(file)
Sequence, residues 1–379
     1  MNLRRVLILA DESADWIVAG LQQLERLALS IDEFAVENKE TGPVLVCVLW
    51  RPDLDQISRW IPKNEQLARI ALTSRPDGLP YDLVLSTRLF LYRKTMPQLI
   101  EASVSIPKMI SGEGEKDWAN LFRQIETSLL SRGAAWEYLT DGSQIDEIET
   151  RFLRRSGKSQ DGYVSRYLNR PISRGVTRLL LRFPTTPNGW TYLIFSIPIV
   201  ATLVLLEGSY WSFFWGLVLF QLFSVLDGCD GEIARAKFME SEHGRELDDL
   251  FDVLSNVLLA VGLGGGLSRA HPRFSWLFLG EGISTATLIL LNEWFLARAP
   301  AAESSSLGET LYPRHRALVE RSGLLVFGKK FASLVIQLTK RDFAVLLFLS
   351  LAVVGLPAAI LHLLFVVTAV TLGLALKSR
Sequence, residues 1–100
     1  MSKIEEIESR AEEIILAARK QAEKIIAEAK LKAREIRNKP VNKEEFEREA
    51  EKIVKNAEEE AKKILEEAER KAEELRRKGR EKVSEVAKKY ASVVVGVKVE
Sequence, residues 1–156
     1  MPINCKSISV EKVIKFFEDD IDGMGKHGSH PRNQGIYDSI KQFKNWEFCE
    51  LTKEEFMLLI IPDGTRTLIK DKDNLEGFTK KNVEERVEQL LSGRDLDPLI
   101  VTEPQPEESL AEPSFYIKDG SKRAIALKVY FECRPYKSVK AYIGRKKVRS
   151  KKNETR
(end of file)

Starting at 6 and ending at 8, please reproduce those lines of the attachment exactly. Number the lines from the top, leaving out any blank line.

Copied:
   201  ATLVLLEGSY WSFFWGLVLF QLFSVLDGCD GEIARAKFME SEHGRELDDL
   251  FDVLSNVLLA VGLGGGLSRA HPRFSWLFLG EGISTATLIL LNEWFLARAP
   301  AAESSSLGET LYPRHRALVE RSGLLVFGKK FASLVIQLTK RDFAVLLFLS